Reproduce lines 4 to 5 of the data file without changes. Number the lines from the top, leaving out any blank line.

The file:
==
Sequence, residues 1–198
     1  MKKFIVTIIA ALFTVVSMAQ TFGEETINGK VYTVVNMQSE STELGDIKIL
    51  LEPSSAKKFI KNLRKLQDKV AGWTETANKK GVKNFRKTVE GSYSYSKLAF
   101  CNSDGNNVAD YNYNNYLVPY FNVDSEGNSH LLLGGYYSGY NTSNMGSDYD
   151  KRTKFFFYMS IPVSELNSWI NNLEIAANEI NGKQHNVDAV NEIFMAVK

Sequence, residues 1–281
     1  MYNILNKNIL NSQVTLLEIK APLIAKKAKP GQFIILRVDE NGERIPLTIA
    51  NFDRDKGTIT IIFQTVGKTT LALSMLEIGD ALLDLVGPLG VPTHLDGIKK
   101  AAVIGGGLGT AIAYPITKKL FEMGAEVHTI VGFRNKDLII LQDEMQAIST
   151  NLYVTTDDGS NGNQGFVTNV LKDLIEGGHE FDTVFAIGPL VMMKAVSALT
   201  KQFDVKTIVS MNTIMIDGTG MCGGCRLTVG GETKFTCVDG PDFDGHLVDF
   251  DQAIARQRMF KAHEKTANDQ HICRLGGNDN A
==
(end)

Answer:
   101  CNSDGNNVAD YNYNNYLVPY FNVDSEGNSH LLLGGYYSGY NTSNMGSDYD
   151  KRTKFFFYMS IPVSELNSWI NNLEIAANEI NGKQHNVDAV NEIFMAVK